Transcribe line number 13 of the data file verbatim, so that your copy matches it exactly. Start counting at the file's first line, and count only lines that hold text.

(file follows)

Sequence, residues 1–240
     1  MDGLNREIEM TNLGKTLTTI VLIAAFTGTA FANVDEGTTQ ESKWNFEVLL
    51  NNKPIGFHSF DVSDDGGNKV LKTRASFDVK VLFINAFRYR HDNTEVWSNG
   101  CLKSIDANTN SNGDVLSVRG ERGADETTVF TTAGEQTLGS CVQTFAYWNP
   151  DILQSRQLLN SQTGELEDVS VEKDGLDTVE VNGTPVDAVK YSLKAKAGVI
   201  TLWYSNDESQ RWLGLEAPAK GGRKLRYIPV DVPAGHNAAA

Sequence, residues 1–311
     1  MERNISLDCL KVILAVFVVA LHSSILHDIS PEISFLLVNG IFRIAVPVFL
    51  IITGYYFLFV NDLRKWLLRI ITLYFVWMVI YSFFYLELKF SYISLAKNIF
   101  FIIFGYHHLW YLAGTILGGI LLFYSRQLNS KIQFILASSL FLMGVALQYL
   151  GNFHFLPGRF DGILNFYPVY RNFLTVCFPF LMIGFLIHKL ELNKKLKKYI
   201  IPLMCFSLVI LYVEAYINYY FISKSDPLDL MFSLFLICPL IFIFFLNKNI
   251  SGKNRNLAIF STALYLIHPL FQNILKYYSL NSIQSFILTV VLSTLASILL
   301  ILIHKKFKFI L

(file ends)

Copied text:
   251  SGKNRNLAIF STALYLIHPL FQNILKYYSL NSIQSFILTV VLSTLASILL